Korea’s “Coffee Prince” Is The G...

Korea’s “Coffee Prince” Is The Greatest Coffee TV Show Ever


American network television, cable, and on demand all have varying representations of coffee culture, but none quite strike the balance between good storytelling and good coffee. I’ve struggled to find a television show that does it all; turns out  all I had to do was get out of America to find it.

Buried deep within the labyrinth of your Hulu Plus account lays a treasure trove of Korean dramas. These limited series usually run uninterrupted for less than 20 episodes, so getting involved with them doesn’t involve a massive time commitment leaving you burned by that one clunky season or the terrible ending that was years in the making. They also have the best titles. Current shows include The Suspicious Housekeeper and Marry Him If You Dare. Within the genre, I’ve found a show that has everything I could possibly want: a strong female lead, an excellent balance of K-pop and 90s American hits, lots of homoeroticism, and varied brewing apparati. Coffee Prince is, thus far, my favorite coffee show and I have no doubt it will be yours, too.

the coffee princes!

Originally broadcast in the summer of 2007, Coffee Prince largely focuses on the relationship between Eun-chan (Yoon Eun-hye), a tomboyish jill-of-all-trades who is trying to support her mother and younger sister, and Han-gyul (Gong Yoo), the playboy heir to a hospitality empire who has no business interests or wife as he approaches 30. Han-gyul mistakes Eun-chan for a boy and hires her to pose as his boyfriend to stop his family from setting him up with girls. When Han-gyul is forced to run a failing coffee shop within the empire, he hires Eun-chan and starts to grapple with his romantic feelings toward her even though he believes she’s a man. Complicating things further, Han-seong (Lee Sun-kyun), Han-gyul’s cousin may also have a thing for Eun-chan, but he also can’t get past his feelings for his girlfriend, Yoo-joo (Chae Jung-an), who also used to be Han Gyul’s girlfriend. Try sorting that one out. The love rhombus can be a bit tiresome as all the heat is in the core relationship between Eun-chan and Han-gyul.


The plot setup paves the way for classic Shakespearean gags about mistaken gender identity, but also makes for some compelling drama. Han-gyul and Eun-chan have a brotherly relationship at the beginning as they fake their romance to throw off Han-gyul’s family, but they quickly start to develop bewildering stronger feelings for each other. Han-gyul repeatedly fires Eun-chan for small infractions, but he is unable to push her away for long and always rehires her. The buildup to Eun-chan’s big reveal over halfway into the series is agonizing as we see hunky, hetero Han-gyul try to suppress his growing attachment to Eun-chan. When Eun-chan’s secret comes out, the fallout is one of the most heartbreaking and gripping moments I’ve seen on television.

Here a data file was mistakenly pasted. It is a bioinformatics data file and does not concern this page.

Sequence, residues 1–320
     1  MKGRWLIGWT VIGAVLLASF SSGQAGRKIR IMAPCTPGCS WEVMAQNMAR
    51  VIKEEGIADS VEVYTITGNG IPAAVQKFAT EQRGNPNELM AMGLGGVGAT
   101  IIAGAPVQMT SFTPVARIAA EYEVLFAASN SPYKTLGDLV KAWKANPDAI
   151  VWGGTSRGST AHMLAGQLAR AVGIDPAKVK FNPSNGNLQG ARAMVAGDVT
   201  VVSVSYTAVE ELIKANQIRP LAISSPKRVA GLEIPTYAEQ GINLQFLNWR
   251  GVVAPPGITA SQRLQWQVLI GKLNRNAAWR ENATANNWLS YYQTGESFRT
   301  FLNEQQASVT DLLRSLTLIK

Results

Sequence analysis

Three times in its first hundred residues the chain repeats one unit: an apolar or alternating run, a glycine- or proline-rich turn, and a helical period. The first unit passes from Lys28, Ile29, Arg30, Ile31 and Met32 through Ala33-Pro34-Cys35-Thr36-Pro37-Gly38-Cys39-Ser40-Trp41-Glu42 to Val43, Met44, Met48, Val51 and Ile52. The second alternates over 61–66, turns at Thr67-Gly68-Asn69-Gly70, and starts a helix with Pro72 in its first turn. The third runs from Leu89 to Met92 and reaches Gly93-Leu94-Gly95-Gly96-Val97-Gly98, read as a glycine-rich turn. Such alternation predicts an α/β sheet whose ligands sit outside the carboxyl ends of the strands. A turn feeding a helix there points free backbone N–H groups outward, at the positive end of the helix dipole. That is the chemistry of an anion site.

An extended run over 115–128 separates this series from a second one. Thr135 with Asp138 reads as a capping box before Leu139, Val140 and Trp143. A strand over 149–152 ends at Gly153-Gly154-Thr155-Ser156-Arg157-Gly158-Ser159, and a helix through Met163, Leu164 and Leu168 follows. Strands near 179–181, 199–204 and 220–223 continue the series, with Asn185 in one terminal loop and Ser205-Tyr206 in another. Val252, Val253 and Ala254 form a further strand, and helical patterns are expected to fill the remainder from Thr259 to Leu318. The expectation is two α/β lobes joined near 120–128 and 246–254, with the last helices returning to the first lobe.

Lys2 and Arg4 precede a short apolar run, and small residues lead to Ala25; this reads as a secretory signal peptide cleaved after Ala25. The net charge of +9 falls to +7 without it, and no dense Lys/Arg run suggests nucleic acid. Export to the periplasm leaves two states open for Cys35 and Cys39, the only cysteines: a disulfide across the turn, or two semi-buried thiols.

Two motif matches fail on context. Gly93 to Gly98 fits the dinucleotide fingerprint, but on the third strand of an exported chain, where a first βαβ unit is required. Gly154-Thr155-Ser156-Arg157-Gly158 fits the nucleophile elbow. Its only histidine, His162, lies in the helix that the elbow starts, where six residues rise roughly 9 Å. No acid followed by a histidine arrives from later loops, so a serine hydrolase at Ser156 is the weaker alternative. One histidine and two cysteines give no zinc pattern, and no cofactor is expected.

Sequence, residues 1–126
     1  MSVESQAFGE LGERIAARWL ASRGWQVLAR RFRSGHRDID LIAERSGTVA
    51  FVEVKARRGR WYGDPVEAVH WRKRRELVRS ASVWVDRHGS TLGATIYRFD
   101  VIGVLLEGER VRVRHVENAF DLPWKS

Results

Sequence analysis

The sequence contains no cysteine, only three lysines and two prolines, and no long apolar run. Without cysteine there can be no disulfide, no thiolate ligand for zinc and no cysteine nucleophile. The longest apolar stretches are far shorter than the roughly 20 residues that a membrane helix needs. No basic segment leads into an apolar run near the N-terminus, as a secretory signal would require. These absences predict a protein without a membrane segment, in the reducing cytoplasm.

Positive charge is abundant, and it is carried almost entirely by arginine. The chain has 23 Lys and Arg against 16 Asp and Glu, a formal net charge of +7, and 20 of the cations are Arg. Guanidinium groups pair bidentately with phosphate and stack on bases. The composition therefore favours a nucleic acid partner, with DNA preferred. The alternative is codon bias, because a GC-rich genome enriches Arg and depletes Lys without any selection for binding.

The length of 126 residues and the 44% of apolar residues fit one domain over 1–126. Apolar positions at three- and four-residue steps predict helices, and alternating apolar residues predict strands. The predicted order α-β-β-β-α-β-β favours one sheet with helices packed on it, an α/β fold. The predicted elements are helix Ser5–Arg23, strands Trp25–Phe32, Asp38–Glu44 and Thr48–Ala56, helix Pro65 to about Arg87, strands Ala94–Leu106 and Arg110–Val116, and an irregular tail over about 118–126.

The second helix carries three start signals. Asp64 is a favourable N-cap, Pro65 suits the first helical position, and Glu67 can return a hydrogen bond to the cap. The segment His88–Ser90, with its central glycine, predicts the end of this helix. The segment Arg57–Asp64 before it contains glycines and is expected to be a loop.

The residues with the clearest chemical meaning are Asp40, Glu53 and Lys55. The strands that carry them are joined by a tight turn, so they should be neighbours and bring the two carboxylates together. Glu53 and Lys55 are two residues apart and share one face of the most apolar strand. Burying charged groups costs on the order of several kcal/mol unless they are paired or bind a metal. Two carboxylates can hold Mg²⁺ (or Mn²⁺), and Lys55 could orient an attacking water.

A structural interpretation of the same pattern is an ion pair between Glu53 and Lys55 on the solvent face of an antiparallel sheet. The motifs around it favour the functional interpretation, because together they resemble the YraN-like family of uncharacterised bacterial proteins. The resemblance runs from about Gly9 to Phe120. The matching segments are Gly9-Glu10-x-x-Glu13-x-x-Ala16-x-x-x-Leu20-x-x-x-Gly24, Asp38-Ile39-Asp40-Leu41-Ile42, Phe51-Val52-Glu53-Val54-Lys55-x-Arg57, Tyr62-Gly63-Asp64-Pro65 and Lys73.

As for the coffee, what more could you want than a shop where hunks make pour-overs and waffles? Business starts off slow, but the shop increases in popularity when a video profiling the hunky staff goes viral. Even Eun-chan’s perceived hunkiness wins her adoring female fans. Team building retreats and a Coffee Prince rock concert follow as the shop becomes a beautiful wonderland of coffee community and geekery. The show truly legitimizes its representation of specialty coffee when Eun-chan decides that she wants to be a great barista. Han-gyul encourages her to always be reading about coffee and the final episodes show Eun-chan expressing a desire to go to barista training in Italy. Naturally, this development made my heart explode as it stood in contrast to the depiction of American baristas as poor, angry, hipster snobs. Eun-chan has become my coffee role model.


Watching Coffee Prince made me realize that this positive depiction of coffee professionals, in which an overworked young adult finds success and self-worth as a barista, could only happen in a society that values the service industry and its workers. Audiences in Korea clearly found the show as wonderful as I did, as it commanded 25% of the national television viewing population. I yearn for an American equivalent, but even if it came about, I can’t imagine it would be as quirky, sexy, and absorbing as Coffee Prince. I’m determined to spread its joy. Now that the best meth television show of all time is off the air, I implore you to devote your time to the best coffee show of all time.

Watch”Coffee Prince” here on Hulu Plus. Learn more via Wikipedia and AsianWiki.

Eric J. Grimm (@EricJGrimm) covers pop culture for Read more of his Grimm Realities in our archives. 




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